Is your CPU overheating? Learn how to check CPU temperatures and discover which is the best CPU temperature software that you can download for free.
Checking CPU temperature is supposed a straightforward affair, but the varying definitions of CPU temps have confused many people (and techies). But no worries we're here to explain everything in plain English and clear the air once and for all:
CPU Temperature = Tcase
Tcase is CPU temperature measurement taken from the center of the CPU's top surface (heat spreader). This temperature is measured by a diode embedded between the CPU cores.
When Intel, AMD and tech articles mention "CPU temperature", they are referring to Tcase (unless otherwise stated).
In short, Tcase is the only temperature that most computer users should bother with (unless you intend to overclock heavily). It is useful for determining your CPU's idle temperature, normal temperature and maximum temperature.
Core Temperature = Tjunction
Tjunction (also known as TJ) is the CPU core temperature, measured by a digital thermal sensor DTS located within each CPU core.
While Tjunction is of little concern to most people, serious overclockers do need to pay attention to their CPU's Tjunction Max (or TJ Max). Tjunction Max is the highest temperature a CPU will tolerate before it throttles (lower its clock speed to prevent overheating).
Therefore the goal of a hardcore overclocker is to push a CPU's speed as far as possible without going over its Tjunction Max. However, we do not recommend this practice as running a CPU at such high temperatures will shorten its lifespan over time.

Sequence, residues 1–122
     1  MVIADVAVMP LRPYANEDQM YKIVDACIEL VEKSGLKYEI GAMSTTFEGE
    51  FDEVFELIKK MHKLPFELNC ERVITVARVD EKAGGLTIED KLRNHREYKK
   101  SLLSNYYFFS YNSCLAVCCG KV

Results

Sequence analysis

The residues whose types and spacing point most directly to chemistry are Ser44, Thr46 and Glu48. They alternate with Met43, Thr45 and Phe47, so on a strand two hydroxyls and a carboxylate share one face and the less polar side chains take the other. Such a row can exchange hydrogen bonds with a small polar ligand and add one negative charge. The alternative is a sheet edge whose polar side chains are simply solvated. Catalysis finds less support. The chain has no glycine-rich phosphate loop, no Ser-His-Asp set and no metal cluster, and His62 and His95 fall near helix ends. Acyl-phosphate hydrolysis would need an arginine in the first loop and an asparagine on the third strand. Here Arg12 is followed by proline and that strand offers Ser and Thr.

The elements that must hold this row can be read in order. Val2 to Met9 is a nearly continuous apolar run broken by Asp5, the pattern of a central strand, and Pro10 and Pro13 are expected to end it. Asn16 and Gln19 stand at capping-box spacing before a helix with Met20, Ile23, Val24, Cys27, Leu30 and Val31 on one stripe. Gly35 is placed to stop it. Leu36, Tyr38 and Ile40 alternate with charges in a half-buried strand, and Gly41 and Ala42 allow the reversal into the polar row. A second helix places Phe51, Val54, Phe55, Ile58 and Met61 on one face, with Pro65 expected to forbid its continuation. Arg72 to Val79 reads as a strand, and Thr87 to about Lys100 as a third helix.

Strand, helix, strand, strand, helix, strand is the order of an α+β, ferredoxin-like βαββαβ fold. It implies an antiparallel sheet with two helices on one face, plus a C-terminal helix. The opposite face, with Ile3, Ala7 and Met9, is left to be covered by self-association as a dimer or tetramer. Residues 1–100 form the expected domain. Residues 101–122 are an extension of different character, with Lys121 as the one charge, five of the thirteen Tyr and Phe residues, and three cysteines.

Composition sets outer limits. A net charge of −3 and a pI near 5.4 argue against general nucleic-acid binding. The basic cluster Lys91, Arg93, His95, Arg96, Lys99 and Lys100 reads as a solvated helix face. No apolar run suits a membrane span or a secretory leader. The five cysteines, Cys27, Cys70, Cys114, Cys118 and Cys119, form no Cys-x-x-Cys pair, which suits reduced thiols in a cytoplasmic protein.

The good news is that there are a handful of excellent CPU temp software that you can download for free: Core Temp, HWMonitor, Real Temp and SpeedFan.
Among these popular freeware, we find HWMonitor to be the best CPU temp software for most people due to the following reasons:
If you're intending to overclock your CPU past the maximum safe temperature recommended by Intel or AMD, then we suggest Real Temp instead. With two calibration points (Tjunction Max and Tjunction Idle), it is the most accurate CPU temp software for measuring core temps.
1. Download and install HWMonitor.
2. Restart your computer and leave it to idle at Windows desktop for 20 minutes (to give time for CPU temps to stabilize).
3. Open the HWMonitor program to check CPU temperature:
4. Your idle CPU temperatures will be listed under Core #0, Core #1, Core #2 and Core #3 (outlined in red above). If your CPU has just two physical cores, the software will only display Core #0 and Core #1.
Now that we have our idle temperatures, let's find out what is your maximum CPU temperature. To do that, we'll need Prime95, a torture test that will push your CPU to its limit so we can record its highest operating temperature.
5. Download and install Prime95.
6. Open Prime95 > Choose "Small FFTs (see image below) > Click OK
7. After running Prime95 for 20 minutes, open HWMonitor again to check CPU temperature. Take note of your Core #0, Core #1, (Core #2 and Core #3) temperatures - These readings will indicate your maximum CPU temperature.
Running Prime95 for 20 minutes is more than sufficient for checking CPU temperatures. To test your CPU's long term stability, you should leave Prime95 on for 12 to 24 hours.